In effect, the citizens of Bangalore lost prime land to a builder, while parking continued to be a problem. During the construction, Maverick also encroached on 3,465 sq ft of public land. When the BBMP council raised the issue, Maverick said it would pay a penalty and regularise the deviations when the Akrama Sakrama scheme came into force. The scheme, which seeks to collect fines and legitimise violations, has encouraged large-scale deviations and turned urban planning into a farce.


Maverick and the BBMP signed their joint venture agreement on a Rs 200 stamp paper, while the stamp duty they owed the government exceeded Rs 1 crore. The Inspector-General of Registrations impounded the document in 2008



The EWS Quarters story


One of the mandates for the BBMP is to provide housing for the urban poor. In 1992, the BBMP said it would build flats for the economically weaker sections. It borrowed money from HUDCO, identified 15 acres it owned opposite the National Games Village in Koramangala, and drew up a plan. Forty-two blocks with 36 flats in each were built and went into the hands of beneficiaries identified by the BBMP. The police department, for whom it was first offered,turned it down, saying the construction was substandard. The final buyers paid a subsidised price, and the municipal authorities facilitated soft loans.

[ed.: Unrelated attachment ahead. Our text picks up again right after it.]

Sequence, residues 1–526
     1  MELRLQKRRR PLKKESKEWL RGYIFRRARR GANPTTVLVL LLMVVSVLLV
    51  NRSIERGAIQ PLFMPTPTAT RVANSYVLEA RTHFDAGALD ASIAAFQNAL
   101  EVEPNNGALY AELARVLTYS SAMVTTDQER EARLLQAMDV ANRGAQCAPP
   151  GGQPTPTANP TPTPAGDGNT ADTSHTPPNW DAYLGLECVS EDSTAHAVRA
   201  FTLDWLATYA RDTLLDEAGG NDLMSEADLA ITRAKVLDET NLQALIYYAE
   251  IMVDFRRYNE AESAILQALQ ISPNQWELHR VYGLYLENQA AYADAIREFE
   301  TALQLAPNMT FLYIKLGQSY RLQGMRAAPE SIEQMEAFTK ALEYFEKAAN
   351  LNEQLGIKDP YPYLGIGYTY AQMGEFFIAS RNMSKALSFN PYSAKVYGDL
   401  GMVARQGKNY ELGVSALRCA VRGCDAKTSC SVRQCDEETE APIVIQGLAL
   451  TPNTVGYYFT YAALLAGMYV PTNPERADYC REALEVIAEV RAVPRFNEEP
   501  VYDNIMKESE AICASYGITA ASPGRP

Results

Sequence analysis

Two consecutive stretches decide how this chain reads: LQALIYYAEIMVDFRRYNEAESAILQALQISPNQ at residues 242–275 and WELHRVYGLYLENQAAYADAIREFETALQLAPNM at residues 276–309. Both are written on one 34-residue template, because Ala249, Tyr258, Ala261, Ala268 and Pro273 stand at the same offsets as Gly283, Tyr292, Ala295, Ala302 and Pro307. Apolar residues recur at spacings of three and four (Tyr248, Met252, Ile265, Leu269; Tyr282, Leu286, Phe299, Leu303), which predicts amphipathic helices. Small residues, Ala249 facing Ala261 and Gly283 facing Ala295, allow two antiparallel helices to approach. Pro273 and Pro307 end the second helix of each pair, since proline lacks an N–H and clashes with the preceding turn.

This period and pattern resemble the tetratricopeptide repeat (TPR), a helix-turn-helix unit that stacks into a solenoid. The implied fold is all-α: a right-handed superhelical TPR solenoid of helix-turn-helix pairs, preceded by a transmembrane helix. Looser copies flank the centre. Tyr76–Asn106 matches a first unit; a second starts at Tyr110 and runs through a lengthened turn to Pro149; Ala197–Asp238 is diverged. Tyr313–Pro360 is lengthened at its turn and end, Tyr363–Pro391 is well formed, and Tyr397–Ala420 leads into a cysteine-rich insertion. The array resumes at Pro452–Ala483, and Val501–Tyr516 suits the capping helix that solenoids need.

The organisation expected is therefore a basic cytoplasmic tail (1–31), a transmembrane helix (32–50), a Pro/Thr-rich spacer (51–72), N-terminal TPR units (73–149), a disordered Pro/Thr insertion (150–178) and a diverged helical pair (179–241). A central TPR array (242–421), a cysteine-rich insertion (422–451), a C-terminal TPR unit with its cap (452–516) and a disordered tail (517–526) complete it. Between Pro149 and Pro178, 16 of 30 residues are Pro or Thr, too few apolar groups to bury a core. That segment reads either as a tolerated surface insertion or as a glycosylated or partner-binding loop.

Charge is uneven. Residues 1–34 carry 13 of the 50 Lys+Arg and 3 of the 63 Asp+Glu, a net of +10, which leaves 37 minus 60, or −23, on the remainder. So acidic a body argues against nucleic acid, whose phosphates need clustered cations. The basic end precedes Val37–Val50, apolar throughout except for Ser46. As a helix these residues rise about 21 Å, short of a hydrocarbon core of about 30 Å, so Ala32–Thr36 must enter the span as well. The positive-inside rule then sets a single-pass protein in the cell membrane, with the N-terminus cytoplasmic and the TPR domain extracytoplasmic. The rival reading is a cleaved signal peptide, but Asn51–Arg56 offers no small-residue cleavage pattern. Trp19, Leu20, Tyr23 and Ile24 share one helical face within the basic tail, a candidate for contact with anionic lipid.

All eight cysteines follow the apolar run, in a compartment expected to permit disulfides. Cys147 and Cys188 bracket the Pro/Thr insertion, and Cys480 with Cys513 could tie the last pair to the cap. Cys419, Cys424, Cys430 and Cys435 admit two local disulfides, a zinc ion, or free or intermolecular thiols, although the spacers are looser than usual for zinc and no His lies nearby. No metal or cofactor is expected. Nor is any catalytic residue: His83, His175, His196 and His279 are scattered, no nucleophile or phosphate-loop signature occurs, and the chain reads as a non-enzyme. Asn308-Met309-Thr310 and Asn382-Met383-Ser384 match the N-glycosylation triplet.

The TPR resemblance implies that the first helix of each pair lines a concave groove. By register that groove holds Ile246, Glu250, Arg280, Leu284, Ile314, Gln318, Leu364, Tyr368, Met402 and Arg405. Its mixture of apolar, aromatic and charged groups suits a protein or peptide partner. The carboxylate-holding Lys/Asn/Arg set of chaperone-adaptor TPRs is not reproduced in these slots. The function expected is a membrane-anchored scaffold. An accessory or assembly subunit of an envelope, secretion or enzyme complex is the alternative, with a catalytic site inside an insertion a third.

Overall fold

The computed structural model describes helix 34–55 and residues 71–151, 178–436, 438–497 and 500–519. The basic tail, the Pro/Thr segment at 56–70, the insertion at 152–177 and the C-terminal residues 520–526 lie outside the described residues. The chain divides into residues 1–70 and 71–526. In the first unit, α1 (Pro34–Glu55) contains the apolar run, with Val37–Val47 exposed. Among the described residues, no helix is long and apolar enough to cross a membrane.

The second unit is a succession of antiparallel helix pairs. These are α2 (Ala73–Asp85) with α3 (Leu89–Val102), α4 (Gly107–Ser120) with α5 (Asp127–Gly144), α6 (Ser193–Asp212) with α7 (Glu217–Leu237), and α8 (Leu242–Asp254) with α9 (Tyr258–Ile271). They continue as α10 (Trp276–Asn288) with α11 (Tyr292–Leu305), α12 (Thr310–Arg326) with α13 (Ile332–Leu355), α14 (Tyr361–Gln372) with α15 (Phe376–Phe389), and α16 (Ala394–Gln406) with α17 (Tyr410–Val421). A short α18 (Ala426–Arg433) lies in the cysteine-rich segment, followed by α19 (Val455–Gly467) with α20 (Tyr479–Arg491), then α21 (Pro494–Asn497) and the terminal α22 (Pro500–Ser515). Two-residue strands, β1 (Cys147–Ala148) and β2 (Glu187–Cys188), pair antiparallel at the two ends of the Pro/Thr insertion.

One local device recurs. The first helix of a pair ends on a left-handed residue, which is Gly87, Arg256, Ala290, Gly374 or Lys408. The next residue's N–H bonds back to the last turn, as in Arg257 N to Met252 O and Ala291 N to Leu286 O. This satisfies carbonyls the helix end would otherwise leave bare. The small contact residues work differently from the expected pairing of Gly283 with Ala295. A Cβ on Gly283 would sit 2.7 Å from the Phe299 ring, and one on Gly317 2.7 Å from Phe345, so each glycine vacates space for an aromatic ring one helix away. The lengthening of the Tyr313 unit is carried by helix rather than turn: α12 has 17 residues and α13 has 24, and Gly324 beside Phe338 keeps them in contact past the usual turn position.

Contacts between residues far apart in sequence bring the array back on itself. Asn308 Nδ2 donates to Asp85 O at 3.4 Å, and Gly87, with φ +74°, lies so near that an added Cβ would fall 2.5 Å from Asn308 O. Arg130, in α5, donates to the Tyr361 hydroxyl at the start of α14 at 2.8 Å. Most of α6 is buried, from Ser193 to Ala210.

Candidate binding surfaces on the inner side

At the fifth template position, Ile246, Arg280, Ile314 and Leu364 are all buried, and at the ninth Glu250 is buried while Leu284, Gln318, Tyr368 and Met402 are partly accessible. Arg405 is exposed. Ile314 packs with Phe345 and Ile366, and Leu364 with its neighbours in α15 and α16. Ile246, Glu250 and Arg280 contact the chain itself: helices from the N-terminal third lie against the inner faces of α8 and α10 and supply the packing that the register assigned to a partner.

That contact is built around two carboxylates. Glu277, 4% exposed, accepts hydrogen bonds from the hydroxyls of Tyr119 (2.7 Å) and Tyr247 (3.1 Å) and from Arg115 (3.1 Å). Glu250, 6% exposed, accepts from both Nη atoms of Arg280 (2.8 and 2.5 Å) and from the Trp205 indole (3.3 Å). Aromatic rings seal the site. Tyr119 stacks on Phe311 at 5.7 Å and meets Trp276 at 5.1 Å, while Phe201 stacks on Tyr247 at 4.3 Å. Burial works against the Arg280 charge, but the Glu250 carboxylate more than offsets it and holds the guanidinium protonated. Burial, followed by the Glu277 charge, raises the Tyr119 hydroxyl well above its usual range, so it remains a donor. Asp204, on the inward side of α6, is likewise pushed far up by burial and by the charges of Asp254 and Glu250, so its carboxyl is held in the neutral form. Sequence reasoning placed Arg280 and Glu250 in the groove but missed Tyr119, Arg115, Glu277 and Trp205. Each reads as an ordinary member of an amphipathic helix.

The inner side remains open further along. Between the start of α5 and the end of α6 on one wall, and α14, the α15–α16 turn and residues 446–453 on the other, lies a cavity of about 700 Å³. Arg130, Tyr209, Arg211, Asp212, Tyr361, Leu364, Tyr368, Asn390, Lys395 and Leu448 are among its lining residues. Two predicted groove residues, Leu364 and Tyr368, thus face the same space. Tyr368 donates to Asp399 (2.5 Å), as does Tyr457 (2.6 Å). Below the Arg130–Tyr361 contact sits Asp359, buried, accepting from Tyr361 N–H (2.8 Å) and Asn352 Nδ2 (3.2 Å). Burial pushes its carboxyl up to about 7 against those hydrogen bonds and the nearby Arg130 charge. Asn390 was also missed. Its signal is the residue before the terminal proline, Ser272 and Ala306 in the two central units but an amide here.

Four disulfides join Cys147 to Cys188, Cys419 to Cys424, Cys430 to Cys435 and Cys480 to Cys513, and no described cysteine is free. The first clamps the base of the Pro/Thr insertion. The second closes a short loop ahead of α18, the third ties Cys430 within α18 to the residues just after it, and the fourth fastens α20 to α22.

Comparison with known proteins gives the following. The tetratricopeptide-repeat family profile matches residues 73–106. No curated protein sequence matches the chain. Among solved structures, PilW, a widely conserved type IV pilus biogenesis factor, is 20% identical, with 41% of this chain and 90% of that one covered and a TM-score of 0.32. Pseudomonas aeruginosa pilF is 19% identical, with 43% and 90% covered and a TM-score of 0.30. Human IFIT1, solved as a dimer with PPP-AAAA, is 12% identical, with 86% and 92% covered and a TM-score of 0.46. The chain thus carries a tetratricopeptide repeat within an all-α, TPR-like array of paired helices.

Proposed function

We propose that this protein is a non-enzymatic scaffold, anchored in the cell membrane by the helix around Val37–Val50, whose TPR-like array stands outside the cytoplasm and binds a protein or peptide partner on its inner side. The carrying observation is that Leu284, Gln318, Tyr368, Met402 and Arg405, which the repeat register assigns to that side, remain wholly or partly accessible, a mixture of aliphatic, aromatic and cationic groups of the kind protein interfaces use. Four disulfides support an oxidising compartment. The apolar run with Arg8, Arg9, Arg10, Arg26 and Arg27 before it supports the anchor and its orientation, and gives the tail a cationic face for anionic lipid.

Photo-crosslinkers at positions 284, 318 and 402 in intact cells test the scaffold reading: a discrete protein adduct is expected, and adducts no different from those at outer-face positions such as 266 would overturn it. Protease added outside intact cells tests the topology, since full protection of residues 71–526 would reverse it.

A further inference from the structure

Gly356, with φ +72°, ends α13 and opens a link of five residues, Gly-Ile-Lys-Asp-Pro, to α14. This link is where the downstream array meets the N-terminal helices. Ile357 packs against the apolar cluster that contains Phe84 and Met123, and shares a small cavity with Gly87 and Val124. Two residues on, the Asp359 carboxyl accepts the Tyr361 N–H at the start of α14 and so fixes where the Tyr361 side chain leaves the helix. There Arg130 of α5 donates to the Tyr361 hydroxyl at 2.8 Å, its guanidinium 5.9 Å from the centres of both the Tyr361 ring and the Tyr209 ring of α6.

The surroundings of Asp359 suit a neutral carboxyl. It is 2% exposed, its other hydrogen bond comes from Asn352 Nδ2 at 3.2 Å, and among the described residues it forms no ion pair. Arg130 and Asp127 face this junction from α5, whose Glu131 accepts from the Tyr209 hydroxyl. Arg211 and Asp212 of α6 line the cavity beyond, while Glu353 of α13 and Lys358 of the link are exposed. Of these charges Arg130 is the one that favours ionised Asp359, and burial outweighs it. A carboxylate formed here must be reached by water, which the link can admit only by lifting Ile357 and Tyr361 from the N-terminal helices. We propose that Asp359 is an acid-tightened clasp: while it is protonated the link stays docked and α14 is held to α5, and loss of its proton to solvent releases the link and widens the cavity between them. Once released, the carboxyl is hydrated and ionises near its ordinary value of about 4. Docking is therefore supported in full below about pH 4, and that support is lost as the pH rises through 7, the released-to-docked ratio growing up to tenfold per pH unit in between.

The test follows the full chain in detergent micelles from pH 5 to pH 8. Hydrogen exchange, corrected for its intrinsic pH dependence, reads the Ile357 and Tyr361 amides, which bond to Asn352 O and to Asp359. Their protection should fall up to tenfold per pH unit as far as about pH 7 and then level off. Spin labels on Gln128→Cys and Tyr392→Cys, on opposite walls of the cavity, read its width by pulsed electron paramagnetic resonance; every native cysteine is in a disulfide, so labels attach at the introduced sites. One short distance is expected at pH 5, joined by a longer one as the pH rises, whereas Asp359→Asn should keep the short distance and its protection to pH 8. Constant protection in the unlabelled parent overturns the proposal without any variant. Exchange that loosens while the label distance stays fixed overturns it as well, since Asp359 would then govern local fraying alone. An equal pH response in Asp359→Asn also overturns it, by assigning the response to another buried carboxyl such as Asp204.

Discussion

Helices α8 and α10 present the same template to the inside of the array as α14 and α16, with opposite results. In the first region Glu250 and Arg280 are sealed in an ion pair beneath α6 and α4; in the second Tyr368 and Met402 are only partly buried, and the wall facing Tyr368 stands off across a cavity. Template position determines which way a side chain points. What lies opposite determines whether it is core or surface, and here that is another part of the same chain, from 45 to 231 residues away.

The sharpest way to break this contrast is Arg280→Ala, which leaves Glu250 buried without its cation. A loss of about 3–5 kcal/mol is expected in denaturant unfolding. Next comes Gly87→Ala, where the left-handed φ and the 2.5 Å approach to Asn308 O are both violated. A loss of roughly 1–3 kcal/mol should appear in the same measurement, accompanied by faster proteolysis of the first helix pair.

But within a year, the buildings developed cracks and looked run-down. The BBMP paid Rs 5,000 to each flat owner towards repairs. After a year, part of a block collapsed and the government constituted an expert committee to look into the quality of construction. The committee reported that the quality was dismal, and the blocks might collapse any moment. Clearly, people were risking life and limb by staying there. A callous BBMP did not initiate any action against engineers and contractors responsible for the poor quality of the construction.


Instead, incredibly, the BBMP decided to demolish all the blocks and build new flats. The government objected, asking how the new blocks would be funded. In reply, the BBMP said it would adopt the PPP route! The BBMP was entitled to recover the full cost from the contractor in addition to a penalty. It was dutybound to punish the engineer who allowed the contractor to get away with sub-standard work. But no, the BBMP was in a hurry to strike a deal with the private sector.


Maverick makes an entry


In 2004, the BBMP invited bids for the reconstruction of the EWS Quarters. The developer was to build single-room flats for the poor on five acres. To recover his costs, he would be allowed to build a mall in rest of the land, stretching to about 10 acres.


More than 30 bidders participated in the tender process, and three were shortlisted— Maverick Holdings, Akruthi Builders and IDEB. The Mumbai-based Akruthi Builders was the preferred bidder, according to an evaluation made by the Infrastructure Development Corporation of Karnataka (IDeCK). The BBMP opened the bids, but allowed Maverick to make a handwritten alteration to claim it was better than Akruthi. A dispute arose, and the BBMP referred the bids to three consultants. Maverick was favoured by two.